Wed, Feb. 02, 2005


CK - Washington.   An annoying moral and legal problem arises regularly in the international probate, employment benefit and compensation area when beneficiaries of German or European payors reside in the United States and die there.

Certain compensation plans in Europe, such as those for victims of the Nazi regime, pay lifetime benefits to US persons. Then, there are pension plans funding retired employees who stayed in, or moved to, the United States. Often, such plans require annual certificates attesting to the fact that the beneficiary is alive, Lebensbescheinigung.

More often than one would assume such benefits continue to be remitted, by automatic deposit, into the bank accounts of beneficiaries who die before the next due date for such certificates. The payor does not learn about the opening of the resulting estate, in many instances, and fails to file a claim with the estate for a refund of payments made after death.

Just as often, the estate does not know about the potential claim for death benefits that may be filed with the payor and misses a deadline.

Morally, resolving the mutual claims by way of a settlement that waives the deadlines would appear to be a just approach. Whether that is legally possible depends on various factors, like laws and regulations governing the payor's plan and the state laws controlling the latitude available to executors and administrators of estates in probate.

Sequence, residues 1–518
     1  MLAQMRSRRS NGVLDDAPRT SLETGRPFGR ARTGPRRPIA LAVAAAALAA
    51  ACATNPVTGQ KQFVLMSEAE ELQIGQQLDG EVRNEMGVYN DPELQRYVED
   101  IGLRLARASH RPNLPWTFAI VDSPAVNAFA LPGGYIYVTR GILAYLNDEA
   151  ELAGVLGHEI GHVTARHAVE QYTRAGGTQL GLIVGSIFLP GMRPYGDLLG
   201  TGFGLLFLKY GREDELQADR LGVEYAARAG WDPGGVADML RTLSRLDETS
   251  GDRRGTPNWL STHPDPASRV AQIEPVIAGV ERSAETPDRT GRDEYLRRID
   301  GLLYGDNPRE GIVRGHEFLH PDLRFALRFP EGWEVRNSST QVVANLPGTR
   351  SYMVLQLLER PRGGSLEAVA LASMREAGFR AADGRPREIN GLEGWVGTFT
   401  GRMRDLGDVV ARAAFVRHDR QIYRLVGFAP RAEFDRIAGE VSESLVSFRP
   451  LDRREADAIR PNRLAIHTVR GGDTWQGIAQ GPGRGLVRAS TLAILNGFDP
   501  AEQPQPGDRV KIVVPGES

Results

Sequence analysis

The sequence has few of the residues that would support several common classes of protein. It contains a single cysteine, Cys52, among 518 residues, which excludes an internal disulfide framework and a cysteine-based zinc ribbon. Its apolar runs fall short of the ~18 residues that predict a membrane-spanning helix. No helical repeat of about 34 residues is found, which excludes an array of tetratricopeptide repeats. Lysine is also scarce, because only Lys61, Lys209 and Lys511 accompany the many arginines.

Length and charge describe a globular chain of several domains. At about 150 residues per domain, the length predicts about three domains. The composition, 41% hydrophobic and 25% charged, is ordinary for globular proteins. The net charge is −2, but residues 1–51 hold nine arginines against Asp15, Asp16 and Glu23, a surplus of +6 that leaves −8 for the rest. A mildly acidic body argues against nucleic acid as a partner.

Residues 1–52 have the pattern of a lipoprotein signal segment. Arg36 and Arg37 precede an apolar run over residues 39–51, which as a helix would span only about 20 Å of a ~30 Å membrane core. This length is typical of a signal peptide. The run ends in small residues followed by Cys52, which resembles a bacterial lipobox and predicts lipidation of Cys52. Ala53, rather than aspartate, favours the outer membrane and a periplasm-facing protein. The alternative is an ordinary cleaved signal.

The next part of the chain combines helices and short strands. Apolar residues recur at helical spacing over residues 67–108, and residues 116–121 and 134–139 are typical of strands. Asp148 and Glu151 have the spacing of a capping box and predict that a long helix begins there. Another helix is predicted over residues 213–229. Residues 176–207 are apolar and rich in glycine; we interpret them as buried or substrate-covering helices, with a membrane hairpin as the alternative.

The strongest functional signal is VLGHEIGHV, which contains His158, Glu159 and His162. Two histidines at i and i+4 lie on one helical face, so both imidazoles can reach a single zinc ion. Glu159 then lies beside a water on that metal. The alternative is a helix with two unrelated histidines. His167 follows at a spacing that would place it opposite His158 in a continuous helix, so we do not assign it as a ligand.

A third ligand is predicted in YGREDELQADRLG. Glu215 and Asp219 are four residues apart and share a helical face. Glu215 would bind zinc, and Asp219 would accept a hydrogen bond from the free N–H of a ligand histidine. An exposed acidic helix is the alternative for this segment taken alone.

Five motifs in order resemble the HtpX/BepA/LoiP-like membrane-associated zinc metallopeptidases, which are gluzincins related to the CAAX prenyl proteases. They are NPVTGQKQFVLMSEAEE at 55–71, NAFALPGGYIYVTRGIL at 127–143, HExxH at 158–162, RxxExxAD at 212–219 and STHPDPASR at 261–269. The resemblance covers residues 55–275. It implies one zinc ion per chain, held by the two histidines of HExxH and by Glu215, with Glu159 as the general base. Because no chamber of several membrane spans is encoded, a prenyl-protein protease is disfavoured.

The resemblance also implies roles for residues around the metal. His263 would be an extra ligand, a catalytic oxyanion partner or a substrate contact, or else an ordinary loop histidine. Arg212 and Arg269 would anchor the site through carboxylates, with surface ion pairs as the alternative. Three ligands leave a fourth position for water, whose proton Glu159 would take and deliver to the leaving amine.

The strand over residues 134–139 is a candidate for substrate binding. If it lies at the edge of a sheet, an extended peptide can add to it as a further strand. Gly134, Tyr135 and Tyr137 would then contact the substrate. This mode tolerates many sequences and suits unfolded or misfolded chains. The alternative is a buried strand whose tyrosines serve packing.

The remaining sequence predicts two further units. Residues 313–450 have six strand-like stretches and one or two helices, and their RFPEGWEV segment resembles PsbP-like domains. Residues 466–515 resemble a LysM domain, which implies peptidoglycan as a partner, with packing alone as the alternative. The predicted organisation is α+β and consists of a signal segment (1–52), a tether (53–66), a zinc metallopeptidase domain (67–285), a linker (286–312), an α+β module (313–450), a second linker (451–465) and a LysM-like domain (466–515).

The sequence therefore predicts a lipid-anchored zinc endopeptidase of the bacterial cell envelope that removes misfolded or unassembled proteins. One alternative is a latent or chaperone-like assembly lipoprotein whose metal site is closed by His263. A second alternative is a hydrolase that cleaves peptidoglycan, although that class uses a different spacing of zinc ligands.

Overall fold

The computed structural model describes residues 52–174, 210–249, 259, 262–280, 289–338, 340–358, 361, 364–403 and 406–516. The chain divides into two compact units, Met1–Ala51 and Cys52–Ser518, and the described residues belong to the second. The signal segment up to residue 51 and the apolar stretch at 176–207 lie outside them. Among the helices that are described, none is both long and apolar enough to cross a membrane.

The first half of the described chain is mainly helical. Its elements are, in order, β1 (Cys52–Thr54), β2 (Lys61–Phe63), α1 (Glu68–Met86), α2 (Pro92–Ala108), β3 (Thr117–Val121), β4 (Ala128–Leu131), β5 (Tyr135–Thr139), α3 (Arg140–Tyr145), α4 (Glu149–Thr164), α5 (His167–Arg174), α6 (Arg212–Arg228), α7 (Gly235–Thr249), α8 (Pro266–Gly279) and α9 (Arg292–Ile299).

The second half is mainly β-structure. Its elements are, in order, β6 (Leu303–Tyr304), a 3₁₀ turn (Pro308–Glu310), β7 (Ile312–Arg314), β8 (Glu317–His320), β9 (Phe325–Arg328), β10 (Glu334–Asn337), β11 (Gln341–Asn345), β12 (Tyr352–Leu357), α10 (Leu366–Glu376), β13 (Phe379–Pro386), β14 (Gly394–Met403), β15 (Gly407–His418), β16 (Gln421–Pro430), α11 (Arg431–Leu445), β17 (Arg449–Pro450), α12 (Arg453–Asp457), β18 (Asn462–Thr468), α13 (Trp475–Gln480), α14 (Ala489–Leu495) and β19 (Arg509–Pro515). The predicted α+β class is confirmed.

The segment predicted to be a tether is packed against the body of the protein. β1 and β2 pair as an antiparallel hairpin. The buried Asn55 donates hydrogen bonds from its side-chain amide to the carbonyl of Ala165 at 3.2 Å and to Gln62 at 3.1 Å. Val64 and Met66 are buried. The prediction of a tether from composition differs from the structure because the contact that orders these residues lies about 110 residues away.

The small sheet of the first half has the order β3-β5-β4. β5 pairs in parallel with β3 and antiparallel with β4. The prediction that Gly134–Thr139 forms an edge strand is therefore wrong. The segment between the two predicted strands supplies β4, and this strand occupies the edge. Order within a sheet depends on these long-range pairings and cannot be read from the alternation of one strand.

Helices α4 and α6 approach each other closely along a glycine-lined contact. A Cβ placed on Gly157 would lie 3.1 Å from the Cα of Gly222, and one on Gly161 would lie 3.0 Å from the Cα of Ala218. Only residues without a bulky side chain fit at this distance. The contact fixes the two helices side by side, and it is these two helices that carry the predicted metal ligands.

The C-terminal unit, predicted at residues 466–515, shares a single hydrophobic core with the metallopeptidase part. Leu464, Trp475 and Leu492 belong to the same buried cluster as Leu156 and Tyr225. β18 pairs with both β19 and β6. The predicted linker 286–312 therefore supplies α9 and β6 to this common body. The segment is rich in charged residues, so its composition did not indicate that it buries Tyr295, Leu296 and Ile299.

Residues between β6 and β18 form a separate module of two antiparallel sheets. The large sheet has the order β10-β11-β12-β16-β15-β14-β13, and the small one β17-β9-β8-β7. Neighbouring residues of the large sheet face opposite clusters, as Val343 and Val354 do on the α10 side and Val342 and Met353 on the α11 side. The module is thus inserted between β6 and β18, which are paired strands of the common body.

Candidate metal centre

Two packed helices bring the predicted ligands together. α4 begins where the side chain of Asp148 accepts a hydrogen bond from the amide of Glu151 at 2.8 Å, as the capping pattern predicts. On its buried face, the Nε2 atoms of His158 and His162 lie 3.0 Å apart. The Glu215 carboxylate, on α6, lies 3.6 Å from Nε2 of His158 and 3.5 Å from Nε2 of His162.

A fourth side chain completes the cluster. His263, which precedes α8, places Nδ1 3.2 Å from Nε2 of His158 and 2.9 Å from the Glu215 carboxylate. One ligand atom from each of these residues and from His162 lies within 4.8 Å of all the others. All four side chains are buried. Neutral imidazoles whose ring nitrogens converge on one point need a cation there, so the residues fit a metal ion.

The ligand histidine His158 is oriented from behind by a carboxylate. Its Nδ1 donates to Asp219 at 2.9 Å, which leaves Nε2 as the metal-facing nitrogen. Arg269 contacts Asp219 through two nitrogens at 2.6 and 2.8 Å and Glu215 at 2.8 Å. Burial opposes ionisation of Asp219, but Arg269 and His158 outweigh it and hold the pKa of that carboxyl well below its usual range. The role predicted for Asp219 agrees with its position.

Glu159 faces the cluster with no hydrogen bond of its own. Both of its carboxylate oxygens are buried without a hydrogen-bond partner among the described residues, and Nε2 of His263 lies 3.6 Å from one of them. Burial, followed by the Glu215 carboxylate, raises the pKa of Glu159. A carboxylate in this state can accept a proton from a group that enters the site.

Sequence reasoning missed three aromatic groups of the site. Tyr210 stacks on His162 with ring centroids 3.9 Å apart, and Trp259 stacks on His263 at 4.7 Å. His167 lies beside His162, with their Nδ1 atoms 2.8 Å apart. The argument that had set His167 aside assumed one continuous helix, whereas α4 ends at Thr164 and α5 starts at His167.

Breaking out of the deadlock appears easiest when heirs take over the account and abscond--sometimes assuming a new identity--, or falsify life certificates, or use imposters to prove that uncle Fritz is alive and kicking. No leeway for moral or ethical approaches there.

What would seem so annoying about the deadlock? Well, legal costs would be lower without the additional complications that arise with the failure of prompt mutual notification. It is not exactly a pleasure for a lawyer to charge a good bit of fees for an international complication that could be so easily avoided. The intellectual challenge to an international lawyer is fine, on both sides of such cases, and it satisfies to help in such situations. Still, there is happier work to be had in international law.

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